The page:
Australian and overseas researchers who use the Australian Synchrotron’s specialist experimental capabilities have collectively published a grand total of 1000 papers.

“The Australian synchrotron is one of the world’s best ... But since it opened in 2007, there has been a constant scramble to claw enough funds for its operation.”

Did you know...
- we slow down time?
- we see the invisible?!

Submissions for round 2014/1 (January-May 2014) opened on 19 August 2013.

The Australian Synchrotron has an ongoing photo competition for staff, users and visitors. The next deadline is Friday 20 September 2013.

The Australian Synchrotron aims to be the catalyst for the best scientific research and innovation in Australia and New Zealand, and is developing a strategic plan to help realise that vision.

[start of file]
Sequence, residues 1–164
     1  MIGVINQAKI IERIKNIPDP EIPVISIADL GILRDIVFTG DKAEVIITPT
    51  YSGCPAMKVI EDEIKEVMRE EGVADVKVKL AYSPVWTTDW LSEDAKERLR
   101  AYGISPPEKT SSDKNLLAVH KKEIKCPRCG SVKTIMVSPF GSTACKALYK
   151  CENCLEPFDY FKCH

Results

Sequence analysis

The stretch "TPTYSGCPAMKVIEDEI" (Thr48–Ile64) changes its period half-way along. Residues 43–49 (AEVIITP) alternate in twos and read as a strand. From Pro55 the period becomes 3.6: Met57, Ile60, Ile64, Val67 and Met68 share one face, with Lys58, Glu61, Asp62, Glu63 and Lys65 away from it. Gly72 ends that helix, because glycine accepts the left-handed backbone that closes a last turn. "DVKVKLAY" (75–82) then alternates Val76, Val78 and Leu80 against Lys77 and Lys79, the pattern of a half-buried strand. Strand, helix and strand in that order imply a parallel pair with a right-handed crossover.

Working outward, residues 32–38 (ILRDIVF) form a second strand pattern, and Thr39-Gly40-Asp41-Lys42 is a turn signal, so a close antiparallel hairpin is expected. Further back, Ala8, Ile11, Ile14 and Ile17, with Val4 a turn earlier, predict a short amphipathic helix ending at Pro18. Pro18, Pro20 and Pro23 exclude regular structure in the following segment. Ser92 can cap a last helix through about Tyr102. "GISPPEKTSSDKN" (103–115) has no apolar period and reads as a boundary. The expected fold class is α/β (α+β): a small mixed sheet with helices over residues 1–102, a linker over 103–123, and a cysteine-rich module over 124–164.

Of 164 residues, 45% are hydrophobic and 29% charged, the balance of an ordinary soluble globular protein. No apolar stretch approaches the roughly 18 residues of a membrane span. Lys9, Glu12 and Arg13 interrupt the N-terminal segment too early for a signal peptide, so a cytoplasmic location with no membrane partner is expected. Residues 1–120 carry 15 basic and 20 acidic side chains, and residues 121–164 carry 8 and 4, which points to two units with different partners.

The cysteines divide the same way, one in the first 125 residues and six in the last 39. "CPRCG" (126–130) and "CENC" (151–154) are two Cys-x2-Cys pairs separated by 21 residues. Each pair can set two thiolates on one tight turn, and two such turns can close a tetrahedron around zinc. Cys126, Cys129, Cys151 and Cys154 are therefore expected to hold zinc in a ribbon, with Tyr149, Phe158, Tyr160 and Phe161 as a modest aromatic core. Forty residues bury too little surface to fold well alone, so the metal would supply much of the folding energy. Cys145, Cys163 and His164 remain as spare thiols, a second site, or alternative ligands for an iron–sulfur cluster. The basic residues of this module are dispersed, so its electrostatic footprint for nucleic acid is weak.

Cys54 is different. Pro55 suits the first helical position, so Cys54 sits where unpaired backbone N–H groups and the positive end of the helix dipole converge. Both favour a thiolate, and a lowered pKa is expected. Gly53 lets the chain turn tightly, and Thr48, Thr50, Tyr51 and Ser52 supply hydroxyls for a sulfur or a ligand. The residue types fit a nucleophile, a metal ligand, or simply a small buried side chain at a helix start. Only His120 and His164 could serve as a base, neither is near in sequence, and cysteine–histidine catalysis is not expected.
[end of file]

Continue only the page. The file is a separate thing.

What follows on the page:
An historic metal plate that is one of Australia’s oldest records of European contact has been analysed at the Australian Synchrotron to help ensure its preservation for future generations.

Shining light through a patient’s skin to detect diseases and parasites sounds like something from a sci-fi movie, but it’s actually a serious research project.

A reviewer for a top-ranked geoscience journal says that a new research paper by Australian Synchrotron users could encourage many more geoscientists to use synchrotron techniques.

A synchrotron technique has enabled researchers to achieve new structural insights into an important process at the frontline of our cellular defences against viral pathogens.